#10: Jacob Bernard-Docker (Reader Rank: 11, Last Year: 11)
Three years after the Ottawa Senators selected him 26th overall in the 2018 NHL Entry Draft, Jacob Bernard-Docker cracks the top ten of our annual Top 25 under 25 feature. Bernard-Docker’s progress since joining the organization has been steady, if perhaps unspectacular; and his move from 13th, to 12th, to 11th, and finally to 10th this year reflects that. His gradual ascent is also proof that, although Bernard-Docker may have met the expectations set before him so far, he hasn’t exceeded them. Having signed an entry-level deal in April, he’s about to enter the next phase of his progress towards being an NHL regular. This coming season, we’re going to learn a lot more about what can kind of player JBD can be at the professional level.
Bernard-Docker was drafted by the Sens straight out of Junior A in Alberta, after he was named the league’s outstanding defenseman. A big part of earning that award was his stellar offensive production, as the young defenseman racked up 20 goals and 21 assists for 41 points in 49 games. Bernard-Docker never posted the same kind of goal-scoring totals during his three seasons at the University of North Dakota, but his 43 points in 59 games over his last two seasons are nothing to sneeze at. He doesn’t have the offensive upside necessary to run a power play in the NHL, so I wouldn’t expect him to be a major point producer, but he makes smart plays with the puck. He’ll sometimes find a good pass through the seams and draw an assist that way. His shot is accurate, and hard, but won’t likely beat a lot of NHL goalies clean. If he does get a chance to unload, he’ll likely be playing for the rebound or the tip.
If his offensive skillset is good but unexceptional, Bernard-Docker’s real potential lies in his defensive prowess. He’s a smooth skater with good positional awareness; he’s not often making highlight reel plays because he was already in the right position to defuse the attack. He’s a steadying force, and a lot of scouting reports describe him as dependable.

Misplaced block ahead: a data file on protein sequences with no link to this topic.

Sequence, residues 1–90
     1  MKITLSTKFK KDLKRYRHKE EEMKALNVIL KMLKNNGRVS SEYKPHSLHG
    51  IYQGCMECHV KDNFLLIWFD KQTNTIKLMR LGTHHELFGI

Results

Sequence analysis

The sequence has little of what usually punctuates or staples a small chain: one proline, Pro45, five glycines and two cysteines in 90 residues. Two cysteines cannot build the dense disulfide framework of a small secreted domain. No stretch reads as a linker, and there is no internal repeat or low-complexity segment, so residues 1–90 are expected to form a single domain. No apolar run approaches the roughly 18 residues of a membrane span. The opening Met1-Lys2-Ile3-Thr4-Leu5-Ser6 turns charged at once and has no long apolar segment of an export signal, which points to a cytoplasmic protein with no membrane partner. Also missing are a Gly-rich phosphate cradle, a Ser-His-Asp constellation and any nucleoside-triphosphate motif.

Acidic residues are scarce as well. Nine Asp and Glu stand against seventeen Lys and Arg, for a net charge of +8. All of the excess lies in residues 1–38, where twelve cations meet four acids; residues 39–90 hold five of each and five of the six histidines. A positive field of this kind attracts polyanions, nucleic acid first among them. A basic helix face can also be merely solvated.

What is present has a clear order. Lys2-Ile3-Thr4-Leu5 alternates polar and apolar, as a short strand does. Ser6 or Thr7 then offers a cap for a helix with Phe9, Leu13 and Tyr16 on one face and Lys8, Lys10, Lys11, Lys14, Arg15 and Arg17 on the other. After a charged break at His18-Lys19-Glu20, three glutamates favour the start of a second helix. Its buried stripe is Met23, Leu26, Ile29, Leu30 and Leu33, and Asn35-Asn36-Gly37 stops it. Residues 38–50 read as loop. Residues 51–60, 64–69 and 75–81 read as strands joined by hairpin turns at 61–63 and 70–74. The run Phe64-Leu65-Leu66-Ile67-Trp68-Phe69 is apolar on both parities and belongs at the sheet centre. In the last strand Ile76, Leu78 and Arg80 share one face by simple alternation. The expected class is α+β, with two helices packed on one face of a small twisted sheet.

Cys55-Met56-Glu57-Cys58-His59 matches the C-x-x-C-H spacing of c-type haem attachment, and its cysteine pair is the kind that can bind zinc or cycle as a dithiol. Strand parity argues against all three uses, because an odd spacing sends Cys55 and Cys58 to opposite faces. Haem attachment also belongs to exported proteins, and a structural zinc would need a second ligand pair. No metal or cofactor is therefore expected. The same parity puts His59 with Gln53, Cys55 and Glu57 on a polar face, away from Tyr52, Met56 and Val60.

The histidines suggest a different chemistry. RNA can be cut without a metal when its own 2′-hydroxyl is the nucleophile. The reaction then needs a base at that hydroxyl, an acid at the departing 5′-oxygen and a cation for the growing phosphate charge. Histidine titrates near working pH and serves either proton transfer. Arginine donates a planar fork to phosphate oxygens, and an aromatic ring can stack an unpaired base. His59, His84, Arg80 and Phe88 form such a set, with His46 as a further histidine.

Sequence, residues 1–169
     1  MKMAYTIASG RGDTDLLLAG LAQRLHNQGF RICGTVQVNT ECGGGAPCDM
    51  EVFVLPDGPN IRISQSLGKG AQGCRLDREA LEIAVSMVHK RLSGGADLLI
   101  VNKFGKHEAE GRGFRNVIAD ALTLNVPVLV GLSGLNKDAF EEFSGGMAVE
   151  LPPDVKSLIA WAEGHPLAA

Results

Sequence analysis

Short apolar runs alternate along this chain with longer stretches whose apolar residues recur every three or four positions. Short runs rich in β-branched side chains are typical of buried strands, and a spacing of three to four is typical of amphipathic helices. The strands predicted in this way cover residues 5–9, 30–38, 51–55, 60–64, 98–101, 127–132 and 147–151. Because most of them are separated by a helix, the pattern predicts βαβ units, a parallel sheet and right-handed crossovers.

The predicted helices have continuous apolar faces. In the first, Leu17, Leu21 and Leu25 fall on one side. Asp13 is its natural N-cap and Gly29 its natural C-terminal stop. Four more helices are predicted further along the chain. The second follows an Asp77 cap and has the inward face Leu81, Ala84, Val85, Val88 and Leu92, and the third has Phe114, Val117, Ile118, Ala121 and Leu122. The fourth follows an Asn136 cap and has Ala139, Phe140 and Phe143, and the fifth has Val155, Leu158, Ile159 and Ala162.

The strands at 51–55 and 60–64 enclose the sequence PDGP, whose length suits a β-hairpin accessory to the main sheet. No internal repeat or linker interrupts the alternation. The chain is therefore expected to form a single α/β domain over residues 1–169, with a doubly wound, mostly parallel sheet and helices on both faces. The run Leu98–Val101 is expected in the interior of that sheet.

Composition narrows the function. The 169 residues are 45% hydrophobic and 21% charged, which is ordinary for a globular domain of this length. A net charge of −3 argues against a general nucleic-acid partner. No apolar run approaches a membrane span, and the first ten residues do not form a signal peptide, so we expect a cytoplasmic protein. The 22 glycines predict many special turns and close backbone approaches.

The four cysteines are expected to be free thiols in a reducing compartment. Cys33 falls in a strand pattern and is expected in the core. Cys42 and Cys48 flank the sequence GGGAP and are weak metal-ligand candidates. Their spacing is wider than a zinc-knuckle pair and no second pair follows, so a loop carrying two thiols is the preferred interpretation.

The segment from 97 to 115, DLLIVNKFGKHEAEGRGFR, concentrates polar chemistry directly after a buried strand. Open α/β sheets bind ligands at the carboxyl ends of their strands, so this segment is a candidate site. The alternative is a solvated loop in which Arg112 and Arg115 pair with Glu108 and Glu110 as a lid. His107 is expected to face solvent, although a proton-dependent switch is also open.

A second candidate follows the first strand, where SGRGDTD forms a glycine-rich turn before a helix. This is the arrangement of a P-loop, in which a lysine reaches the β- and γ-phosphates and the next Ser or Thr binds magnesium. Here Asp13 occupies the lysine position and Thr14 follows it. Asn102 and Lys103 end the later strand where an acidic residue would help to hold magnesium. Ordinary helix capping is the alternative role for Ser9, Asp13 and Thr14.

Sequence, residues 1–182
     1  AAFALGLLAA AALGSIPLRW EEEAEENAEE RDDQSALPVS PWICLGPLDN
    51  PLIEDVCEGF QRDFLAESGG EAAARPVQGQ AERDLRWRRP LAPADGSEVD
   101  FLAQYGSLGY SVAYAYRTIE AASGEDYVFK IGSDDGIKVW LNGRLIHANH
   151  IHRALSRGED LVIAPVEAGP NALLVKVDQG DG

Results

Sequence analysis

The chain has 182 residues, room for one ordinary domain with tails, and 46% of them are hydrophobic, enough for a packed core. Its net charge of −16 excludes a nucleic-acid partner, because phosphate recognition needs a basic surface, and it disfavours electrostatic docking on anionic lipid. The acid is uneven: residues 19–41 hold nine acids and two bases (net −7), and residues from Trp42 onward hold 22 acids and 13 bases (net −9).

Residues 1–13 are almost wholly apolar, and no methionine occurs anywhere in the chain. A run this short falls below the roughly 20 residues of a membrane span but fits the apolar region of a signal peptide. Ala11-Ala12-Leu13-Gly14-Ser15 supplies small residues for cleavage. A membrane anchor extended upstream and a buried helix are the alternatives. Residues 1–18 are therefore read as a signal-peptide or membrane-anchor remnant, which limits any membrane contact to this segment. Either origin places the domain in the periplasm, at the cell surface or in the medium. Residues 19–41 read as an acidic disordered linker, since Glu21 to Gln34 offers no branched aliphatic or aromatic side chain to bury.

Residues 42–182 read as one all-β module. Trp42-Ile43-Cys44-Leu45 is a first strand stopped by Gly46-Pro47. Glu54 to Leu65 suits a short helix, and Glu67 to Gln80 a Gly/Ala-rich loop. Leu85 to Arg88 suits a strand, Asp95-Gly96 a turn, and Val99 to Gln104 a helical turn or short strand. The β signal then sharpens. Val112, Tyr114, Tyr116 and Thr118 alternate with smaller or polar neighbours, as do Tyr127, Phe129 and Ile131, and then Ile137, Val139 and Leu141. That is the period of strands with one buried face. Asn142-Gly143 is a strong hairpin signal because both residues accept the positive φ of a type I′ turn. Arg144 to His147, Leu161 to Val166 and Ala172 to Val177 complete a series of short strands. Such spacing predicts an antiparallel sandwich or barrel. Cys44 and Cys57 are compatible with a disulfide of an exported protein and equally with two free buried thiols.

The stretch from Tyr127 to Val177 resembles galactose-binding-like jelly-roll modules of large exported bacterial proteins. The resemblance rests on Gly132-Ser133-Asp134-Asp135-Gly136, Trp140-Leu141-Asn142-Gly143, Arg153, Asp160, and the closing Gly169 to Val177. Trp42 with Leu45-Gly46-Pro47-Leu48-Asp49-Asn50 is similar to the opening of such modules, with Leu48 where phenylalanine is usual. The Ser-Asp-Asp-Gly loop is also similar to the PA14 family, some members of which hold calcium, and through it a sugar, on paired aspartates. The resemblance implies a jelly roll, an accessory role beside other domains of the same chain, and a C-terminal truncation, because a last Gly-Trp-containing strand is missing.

Bernard-Docker isn’t a flashy player but there’s a lot of pro elements in this game, particularly in how well he skates, competes and defends. You can see him being on an NHL penalty kill and taking a lot of defensive zone starts. He has some offense by way of flashes of hands and playmaking, and has a hard point shot. I envision him being a hard to play against second-pair defenseman who plays more minutes than his natural toolkit suggests, as he has done the past few years.
With the types of season that Shane Pinto and Jake Sanderson had for UND, it’s perhaps unsurprising that Bernard-Docker took a bit of a back seat when it comes to prospect hype this past season. It’s unlikely that he will suddenly develop the type of “wow” factor that defines the very best NHLers, but that doesn’t mean he can’t be the rock on the right side that the Sens have been searching for. Remember Ottawa’s current depth chart for right-handed defensemen is Nikita Zaitsev, Artem Zub, and Josh Brown — with the possibility of Michael Del Zotto playing some time on his off-side. JBD is likely to begin the season in the AHL, but that’s not exactly anyone’s idea of a deep defensive group. It wouldn’t be surprising if he saw some NHL time, particularly if the Sens’ play-off aspirations fall short again.
I would also be remiss if I didn’t mention that Bernard-Docker also just seems like a really excellent human being. I’m forever reticent to speak definitively about the “character” of hockey players because we really do not know these people at all, but it takes some real integrity to carry yourself the way the young defenseman does. No matter what happens with his NHL career, that’s something he should be proud of.